The life lesson: Mandela makes a point of adding hold-over security from the white regime to his trusted security lieutenants, which is the source of some tension. When Matt Damon's rugby captain is invited to tea by Mandela, one of the white bodyguards is escorting him in, and Damon asks what he thinks of Mandela. The guard's response is along the lines of "with DeKlerk, I was invisible. With Mandela, he learned that I like toffee, and when he went to England he came back with a box of english toffe for me."
This line resonated with me. I try to be the person who would remember to bring back the box of toffee. I won't claim to do it perfectly, I can't claim to keep track of the lives of people like my mother, who manages to send more greeting cards to more people for more occasions than anyone else I know, but I try. And I think it's a trait worth having. Be a little curious about the people you work with, try and find out who likes the toffee. It's a social grace that I don't find near as much as I should.
On Sunday night it was time for the finale of Survivor: Samoa, the 19th edition of the pioneering reality show.
I had been a Survivor snob for its first three or four years, proud of ignoring it. And then one year I watched an episode on Thanksgiving night (sadly in recent years this episode has more often been an enh-y clip show than an actual newbie) with my younger brother and his family and found myself hooked. And have watched pretty regularly for the past six years or so. There've been good seasons and bad seasons and some boring episodes along the way, but overall it gives me pleasure.
This was a really good season, which helped to revise the show's gentle ratings decline. Sunday's finale was seen by a few more people than last December's, and even a bigger improvement over Season 18 in May.
And the finale was one of the more interesting, because I, at least, found it hard to root for the best man to win. An oil company executive named Russell clearly played the best game this season, perhaps one of the best in any season. He had a plan from the beginning, he executed it impeccably, he held to a core alliance, formed shorter alliances to be sure he could always vote out the people he wanted to vote out, when he wanted to do it.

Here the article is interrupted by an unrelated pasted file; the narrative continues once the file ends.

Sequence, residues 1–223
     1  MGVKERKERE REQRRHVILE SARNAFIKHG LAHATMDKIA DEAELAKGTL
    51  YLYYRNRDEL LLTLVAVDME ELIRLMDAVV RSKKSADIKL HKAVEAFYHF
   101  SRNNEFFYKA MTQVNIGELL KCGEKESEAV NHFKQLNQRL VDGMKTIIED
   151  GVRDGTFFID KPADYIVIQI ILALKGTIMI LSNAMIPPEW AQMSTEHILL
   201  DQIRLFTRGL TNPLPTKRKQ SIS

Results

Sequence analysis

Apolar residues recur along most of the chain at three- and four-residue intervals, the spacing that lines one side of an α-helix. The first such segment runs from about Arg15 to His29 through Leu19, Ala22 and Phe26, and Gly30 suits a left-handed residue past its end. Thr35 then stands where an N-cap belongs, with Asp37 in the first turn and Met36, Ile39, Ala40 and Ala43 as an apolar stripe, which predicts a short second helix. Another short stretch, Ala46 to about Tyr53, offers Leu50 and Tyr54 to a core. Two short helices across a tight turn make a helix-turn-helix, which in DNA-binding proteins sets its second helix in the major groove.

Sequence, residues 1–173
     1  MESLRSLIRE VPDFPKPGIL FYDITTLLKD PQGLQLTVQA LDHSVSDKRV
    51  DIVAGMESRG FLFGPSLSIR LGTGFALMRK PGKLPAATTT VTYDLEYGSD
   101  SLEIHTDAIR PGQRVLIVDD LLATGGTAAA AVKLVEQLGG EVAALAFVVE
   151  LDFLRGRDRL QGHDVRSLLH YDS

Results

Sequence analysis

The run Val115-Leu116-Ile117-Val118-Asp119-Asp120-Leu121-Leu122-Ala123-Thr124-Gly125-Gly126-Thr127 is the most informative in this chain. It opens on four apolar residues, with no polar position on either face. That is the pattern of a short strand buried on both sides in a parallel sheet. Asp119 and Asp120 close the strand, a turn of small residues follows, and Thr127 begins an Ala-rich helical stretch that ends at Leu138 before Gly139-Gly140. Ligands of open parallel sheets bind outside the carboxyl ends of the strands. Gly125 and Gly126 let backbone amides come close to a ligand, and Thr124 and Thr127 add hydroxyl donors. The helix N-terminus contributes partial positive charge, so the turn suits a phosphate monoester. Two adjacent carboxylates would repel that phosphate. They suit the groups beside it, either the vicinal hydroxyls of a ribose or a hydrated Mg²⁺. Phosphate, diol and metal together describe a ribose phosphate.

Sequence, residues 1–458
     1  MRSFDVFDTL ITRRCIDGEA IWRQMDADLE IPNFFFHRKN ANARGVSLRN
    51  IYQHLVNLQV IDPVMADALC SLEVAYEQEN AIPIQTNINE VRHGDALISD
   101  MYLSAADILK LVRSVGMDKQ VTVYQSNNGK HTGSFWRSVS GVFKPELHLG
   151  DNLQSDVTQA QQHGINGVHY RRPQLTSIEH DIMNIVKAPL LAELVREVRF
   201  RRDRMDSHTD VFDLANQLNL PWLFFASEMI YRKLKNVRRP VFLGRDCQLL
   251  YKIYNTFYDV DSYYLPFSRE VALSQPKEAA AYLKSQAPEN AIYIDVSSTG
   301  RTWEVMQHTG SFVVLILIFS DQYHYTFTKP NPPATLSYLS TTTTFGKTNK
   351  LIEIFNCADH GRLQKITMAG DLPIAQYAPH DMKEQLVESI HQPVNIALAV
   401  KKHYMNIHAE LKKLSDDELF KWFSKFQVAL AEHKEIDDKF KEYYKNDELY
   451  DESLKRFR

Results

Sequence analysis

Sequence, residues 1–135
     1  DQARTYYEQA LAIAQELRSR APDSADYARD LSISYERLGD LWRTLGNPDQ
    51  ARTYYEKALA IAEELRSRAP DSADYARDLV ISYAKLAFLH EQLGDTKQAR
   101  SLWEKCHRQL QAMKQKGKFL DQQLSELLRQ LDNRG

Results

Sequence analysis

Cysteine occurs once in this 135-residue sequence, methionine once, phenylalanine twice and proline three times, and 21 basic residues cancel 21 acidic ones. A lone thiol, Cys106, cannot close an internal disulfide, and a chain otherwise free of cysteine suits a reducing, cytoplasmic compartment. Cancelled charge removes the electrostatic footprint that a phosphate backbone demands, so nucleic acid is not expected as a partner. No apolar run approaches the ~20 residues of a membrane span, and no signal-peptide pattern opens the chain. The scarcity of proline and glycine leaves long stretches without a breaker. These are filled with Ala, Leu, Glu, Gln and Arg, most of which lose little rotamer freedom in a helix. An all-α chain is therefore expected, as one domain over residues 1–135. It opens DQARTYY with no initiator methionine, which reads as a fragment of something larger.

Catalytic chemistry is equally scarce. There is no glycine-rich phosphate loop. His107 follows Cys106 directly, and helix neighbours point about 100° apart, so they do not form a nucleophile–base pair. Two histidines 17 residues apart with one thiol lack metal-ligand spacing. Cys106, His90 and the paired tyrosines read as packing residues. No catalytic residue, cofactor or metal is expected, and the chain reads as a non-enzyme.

And he lost the vote to become sole survivor and winner of the million dollar prize. Not even close. 7-2 in favor of another player who advanced that far prettty much entirely by hanging to Russell's coattails.
Well, Russell never stopped playing the game.
After the votes, the show has a few seconds where the departing player talks on his elimination. The next-to-last player to be voted off said in his remarks "the least I deserved was to be told that I was going home." And this departing player was right. There are times in the game when it's too dangerous to stop playing the game. Often not at the beginning, when there are too many votes to sway when nobody knows anyone else yet. Certainly not at the end, when alliances are so well cemented that there aren't votes to sway. So there's no harm in telling someone "sorry, but tonight's your night."
Boy, did that never happen in Survivor: Samoa. Week after week, the person being voted off was blindsided with no idea what was coming. Russell never told anyone tonight was their night. He was always telling person B that person C was being voted that night, person C that it was person B.
Life lesson: there's some truth to the adage about being nice to the people you meet on the way up because you might cross their paths on the way down. You can't always be playing the game.
I don't know how close that scene in Invictus is to anything that happened in real life. Survivor isn't real life. But nonetheless I think both of these things are teachable moments.